Kashin also compares the mythology of the “Great Patriotic War” in modern-day Russia to images of Muhammad in Muslim countries, saying that Russian society now tolerates deviations from traditional narratives about as well as many Arab countries allow caricatures of the Prophet. Today’s ideas about World War II, however, are tailored specifically to the Putin regime, and Kashin expects the mythology to shift, when the Kremlin changes hands, opening the door to currently “marginalized” narratives like “Westernized history” (emphasizing the Holocaust and the USSR’s allies), “Ultra-Stalinism” (focusing on the contributions of the NKVD and secret police), and “the Eastern-European version” (which argues that Soviet peoples, after enduring Collectivization, had the moral right to collaborate with the Nazis).

Russia's Africa blame game

In an editorial for Vedomosti, Pavel Aptekar and Maria Zheleznova respond to recent allegations by Mikhail Khodorkovsky’s Dossier Center that persons affiliated with catering tycoon and reported mercenary-owner Evgeny Prigozhin were involved in the July 2018 murder of three Russian journalists in Africa. The editors argue that the research by Dossier Center is limited and requires verification by the proper authorities. Unfortunately, Aptekar and Zheleznova say, Russia’s Federal Investigative Committee immediately signaled its “unwavering preference” for explanations of the killings that blame Khodorkovsky’s team for mismanaging the journalists’ expedition in the first place. This calls into question the state’s objectivity, Vedomosti claims.

Prigozhin's counterattack

On January 11, Federal News Agency — Prigozhin’s alleged “media factory” — fired back at Dossier Center’s investigation, leaking what it claims are internal communications showing that Khodorkovsky was supposedly involved more directly with the expedition than he has indicated publicly. The messages also supposedly show that the three journalists’ fixer — a man named “Martin” who was recommended by Federal News Agency reporter Kirill Romanovsky — is a real identity and the man was allegedly vetted by foreign correspondents, including Elena Servettaz. (Servettaz refused to comment on these claims, when contacted by Meduza.) Other supposed text messages and Telegram chats make it seem that Khodorkovsky has deliberately avoided paying proper compensation to the families of the journalists killed in July. After Federal News Agency’s reports, Khodorkovsky mocked the media outlet on Twitter as fake news.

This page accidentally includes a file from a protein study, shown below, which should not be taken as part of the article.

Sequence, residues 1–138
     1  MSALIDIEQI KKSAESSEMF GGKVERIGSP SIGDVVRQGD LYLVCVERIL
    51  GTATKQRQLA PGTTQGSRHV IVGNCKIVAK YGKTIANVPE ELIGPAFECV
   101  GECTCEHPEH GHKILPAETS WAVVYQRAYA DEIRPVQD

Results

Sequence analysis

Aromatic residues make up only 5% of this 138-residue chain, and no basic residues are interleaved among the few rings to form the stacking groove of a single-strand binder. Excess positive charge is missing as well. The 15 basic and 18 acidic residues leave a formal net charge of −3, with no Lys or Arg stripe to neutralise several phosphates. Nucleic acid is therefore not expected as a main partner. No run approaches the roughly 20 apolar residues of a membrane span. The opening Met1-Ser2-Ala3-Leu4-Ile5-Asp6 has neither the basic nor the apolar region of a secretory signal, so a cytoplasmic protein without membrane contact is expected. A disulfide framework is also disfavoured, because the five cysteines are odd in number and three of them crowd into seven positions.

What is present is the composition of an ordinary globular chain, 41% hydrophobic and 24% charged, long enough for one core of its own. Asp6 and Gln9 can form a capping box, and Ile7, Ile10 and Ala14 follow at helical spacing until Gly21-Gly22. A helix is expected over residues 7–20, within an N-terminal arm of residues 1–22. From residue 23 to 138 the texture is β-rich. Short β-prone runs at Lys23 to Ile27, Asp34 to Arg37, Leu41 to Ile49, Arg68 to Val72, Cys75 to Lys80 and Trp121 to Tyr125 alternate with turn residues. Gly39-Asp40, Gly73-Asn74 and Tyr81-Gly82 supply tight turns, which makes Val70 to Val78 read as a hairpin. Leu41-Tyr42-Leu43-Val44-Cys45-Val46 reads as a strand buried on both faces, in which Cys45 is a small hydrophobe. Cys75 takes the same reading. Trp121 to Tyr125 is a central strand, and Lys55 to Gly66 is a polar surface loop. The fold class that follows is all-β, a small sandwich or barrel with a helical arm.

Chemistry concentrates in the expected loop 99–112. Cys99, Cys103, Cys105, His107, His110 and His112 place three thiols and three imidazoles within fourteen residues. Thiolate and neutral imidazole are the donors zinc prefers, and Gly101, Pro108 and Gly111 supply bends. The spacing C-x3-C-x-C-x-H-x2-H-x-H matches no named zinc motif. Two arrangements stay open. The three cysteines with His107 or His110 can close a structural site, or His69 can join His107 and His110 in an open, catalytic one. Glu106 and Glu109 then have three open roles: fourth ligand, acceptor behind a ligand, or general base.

Finally a face to put on Russia's “civilian instructors”

In a report for The Bell, Irina Pankratova reviews what is known about Alexander Sotov, the first of Russia’s reported 170 “civilian instructors” currently training local military forces in the Central African Republic. Sotov was identified last week in research shared with journalists that was conducted by Dossier Center. According to that information, Sotov is officially employed as an “instructor in surveillance, recruitment, and covert intelligence work” for the company “M-Finance,” which has apparent ties to Evgeny Prigozhin, a catering mogul with close connections to Vladimir Putin and Russia’s unofficial mercenary industry. Sotov’s official supervisor is Valery Zakharov, a national security adviser to CAR President Faustin-Archange Touadéra. Sotov used a phony American passport to register his local cell phone, records show that his personal identification number matches the format used for members of the “Wagner” private military company, and his name appears on a list released by Ukraine purportedly identifying Russian mercenaries active in CAR.

Call records reportedly show that Sotov and Zakharov spoke more than 100 times on the phone between July and August, before and after the murder of three Russian journalists in CAR.

So what did The Bell learn about this man? Alexander Sotov never graduated from college, and he’s bounced between several professions. The Bell reports that he worked for a security company with alleged mafia ties, after spending several years as a St. Petersburg police officer, when he may have first met Zakharov. In 2007, he co-founded and managed a nonprofit organization which he registered as an arbitration court. That business folded when Russia later reformed its legal system, and he still owes 100,000 rubles (about $1,500) in fines and unpaid fees. In 2016, Sotov tried to establish himself in Russia’s leasing industry, but the venture failed the next year. It was around this time that he apparently relocated to the Central African Republic as a newly minted civilian instructor.

Russian tech

Move over, LinkedIn

The Russian government is reportedly planning to dump 360 million rubles ($5.4 million) into the work-focused networking service “Work in Russia” (, hoping to transform it into the “Russian analogue of LinkedIn,” according to the magazine RBC. The federal funding will be paid out over the next three years. Alexey Zakharov, the president and founder of rival professional network “SuperJob,” told RBC that has been a “complete failure” since Russia’s Federal Labor Agency launched it a decade ago.